File:  [NetBSD Developer Wiki] / wikisrc / Attic / unicode.mdwn
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Mon Nov 21 03:22:58 2011 UTC (8 years, 11 months ago) by mspo
Branches: MAIN
CVS tags: HEAD
finish importing the pages from my findings in the pkgsrc.se wiki

    1: How to use wide-range characters a.k.a. UTF-8 in NetBSD. 
    2: 
    3: [![Just to show off. That's how UTF-8 encoded spam will look like ;-)][3]][4]
    4: 
    5:    [3]: /images/200px-Unicoded-spam.png
    6:    [4]: /images/Unicoded-spam.png (Just to show off. That's how UTF-8 encoded spam will look like ;-))
    7: 
    8: [![][5]][6]
    9: 
   10:    [5]: /images/magnify-clip.png
   11:    [6]: /images/Unicoded-spam.png (Enlarge)
   12: 
   13: Just to show off. That's how UTF-8 encoded spam will look like ;-)
   14: 
   15: **Contents**
   16: 
   17: [[!toc levels=3]]
   18: 
   19: #  Introduction 
   20: 
   21: This is all about Unicode on NetBSD. 
   22: 
   23: #  Note on wscons 
   24: 
   25: wscons doesn't support UTF-8, you'll need **X11** and a proper **X terminal emulator** for this to be of any use, or you get character mash for lunch! Only the [ASCII][40] part of Unicode, namely the **first 128 characters, will work** in your wscons console, as they overlap in both UTF-8 and ISO-8859 character sets: 
   26:     
   27:        [40]: http://de.wikipedia.org/wiki/ASCII-Tabelle (http://de.wikipedia.org/wiki/ASCII-Tabelle)
   28: 
   29:    !"#$%&'()*+,-./0123456789:;<=>?     
   30:        @ABCDEFGHIJKLMNOPQRSTUVWXYZ[\]^_ 
   31:        `abcdefghijklmnopqrstuvwxyz{|}~  
   32:     
   33: 
   34: #  Note on uwscons 
   35: 
   36: Unofficial patches for 3.0 release can be found here: [ftp://tink.ims.ac.jp/pub/NetBSD/uwscons/][41]
   37: 
   38:    [41]: ftp://tink.ims.ac.jp/pub/NetBSD/uwscons/ (ftp://tink.ims.ac.jp/pub/NetBSD/uwscons/)
   39: 
   40: #  pkgsrc 
   41: 
   42:   * To make packages that support it use the ncurses library with wide-characters, add to /etc/mk.conf 
   43:     
   44:       PKG_DEFAULT_OPTIONS+= ncursesw
   45:     
   46: 
   47: #  Soup up a shell 
   48: 
   49: ##  ksh 
   50: 
   51:   * Works. 
   52:     
   53:       chsh -s /bin/ksh
   54:     
   55: 
   56: ##  mksh 
   57: 
   58:   * This one is an OpenBSD based Korn shell, works pretty well compared to the pdksh. 
   59:     
   60:        cd /usr/pkgsrc/shells/mksh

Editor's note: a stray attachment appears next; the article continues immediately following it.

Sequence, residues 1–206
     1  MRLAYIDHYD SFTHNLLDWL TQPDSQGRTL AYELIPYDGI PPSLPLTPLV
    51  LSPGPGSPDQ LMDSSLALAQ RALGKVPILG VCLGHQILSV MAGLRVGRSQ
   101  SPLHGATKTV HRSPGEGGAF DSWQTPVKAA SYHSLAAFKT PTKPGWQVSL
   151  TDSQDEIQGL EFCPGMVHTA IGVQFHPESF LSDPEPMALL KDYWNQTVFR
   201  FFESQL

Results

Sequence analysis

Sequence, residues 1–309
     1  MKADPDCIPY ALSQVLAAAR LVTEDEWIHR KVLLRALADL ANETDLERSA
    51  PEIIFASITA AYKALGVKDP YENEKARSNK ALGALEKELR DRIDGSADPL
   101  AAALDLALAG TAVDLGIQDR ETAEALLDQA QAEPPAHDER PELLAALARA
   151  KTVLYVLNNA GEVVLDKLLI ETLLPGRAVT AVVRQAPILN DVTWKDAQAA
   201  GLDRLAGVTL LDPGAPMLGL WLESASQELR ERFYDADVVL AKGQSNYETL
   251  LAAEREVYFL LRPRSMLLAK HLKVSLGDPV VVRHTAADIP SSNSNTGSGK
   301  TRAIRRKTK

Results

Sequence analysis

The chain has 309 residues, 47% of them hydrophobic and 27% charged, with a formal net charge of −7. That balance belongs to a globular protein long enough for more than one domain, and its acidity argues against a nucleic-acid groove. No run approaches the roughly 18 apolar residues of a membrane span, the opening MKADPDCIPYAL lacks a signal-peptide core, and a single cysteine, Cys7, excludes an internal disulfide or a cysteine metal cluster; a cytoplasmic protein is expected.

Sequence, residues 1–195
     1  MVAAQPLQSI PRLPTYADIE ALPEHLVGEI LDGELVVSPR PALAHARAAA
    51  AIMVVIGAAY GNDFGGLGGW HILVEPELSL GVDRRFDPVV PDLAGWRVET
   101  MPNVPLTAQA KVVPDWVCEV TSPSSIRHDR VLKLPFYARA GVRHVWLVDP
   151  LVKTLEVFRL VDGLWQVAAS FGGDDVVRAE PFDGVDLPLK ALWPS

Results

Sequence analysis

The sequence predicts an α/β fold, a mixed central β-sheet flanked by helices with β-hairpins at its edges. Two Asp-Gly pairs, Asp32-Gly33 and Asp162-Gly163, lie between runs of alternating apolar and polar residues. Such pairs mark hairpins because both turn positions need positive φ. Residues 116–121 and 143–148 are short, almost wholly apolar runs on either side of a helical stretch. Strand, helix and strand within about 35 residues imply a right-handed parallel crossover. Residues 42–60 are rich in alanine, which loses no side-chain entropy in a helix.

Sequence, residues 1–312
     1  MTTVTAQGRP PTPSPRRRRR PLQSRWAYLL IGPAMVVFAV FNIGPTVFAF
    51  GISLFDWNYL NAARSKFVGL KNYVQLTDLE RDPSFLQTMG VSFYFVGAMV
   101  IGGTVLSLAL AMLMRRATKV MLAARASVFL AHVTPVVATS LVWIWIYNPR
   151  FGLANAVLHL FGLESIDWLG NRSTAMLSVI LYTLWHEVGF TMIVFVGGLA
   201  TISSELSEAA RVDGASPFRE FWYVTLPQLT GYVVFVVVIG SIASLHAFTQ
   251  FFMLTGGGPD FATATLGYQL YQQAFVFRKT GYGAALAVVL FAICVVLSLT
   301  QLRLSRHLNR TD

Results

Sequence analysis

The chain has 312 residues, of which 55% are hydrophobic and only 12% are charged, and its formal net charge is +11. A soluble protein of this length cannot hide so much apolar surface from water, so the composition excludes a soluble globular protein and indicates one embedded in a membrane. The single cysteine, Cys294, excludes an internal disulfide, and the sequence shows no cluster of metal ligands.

61:        make install clean
   62:        chsh -s /usr/pkg/bin/mksh
   63:     
   64: 
   65: ##  zsh 
   66: 
   67:   * Note: The stable version 4.2.x won't work. UTF-8 in the Z shell is enabled by default since 4.3.2. 
   68:     
   69:        cd /usr/pkgsrc/shells/zsh-current
   70:        make install clean
   71:        chsh -s /usr/pkg/bin/zsh
   72:     
   73: 
   74: ##  tcsh 
   75: 
   76:   * Works out of the box. 
   77:     
   78:        cd /usr/pkgsrc/shells/tcsh
   79:        make install clean
   80:        chsh -s /usr/pkg/bin/tcsh
   81:     
   82: 
   83: ##  bash 
   84: 
   85:   * Works out of the box. 
   86:     
   87:        cd /usr/pkgsrc/shells/bash
   88:        make install clean
   89:        chsh -s /usr/pkg/bin/bash
   90:     
   91: 
   92: ##  Shell environment 
   93: 
   94:   * Set the variables LANG and LC_CTYPE in your shell configuration file 
   95:     
   96:        export LANG="en_US.UTF-8"
   97:        export LC_CTYPE="en_US.UTF-8"
   98:        export LC_ALL=""
   99:     
  100: 
  101: or if you have a C-style shell 
  102:     
  103:        setenv LANG "en_US.UTF-8"
  104:        setenv LC_CTYPE "en_US.UTF-8"
  105:        setenv LC_ALL ""
  106:     
  107: 
  108: The other locale variables should be left untouched, which is "C" by default, to not confuse programs. Other locales than en_US probably won't work too well, since the fonts aren't in the base system yet, but you can install them and try your luck, of course. 
  109: 
  110: The result should look like 
  111:     
  112:        % locale
  113:        LANG="en_US.UTF-8"
  114:        LC_CTYPE="en_US.UTF-8"
  115:        LC_COLLATE="C"
  116:        LC_TIME="C"
  117:        LC_NUMERIC="C"
  118:        LC_MONETARY="C"
  119:        LC_MESSAGES="en_US.UTF-8"
  120:        LC_ALL=""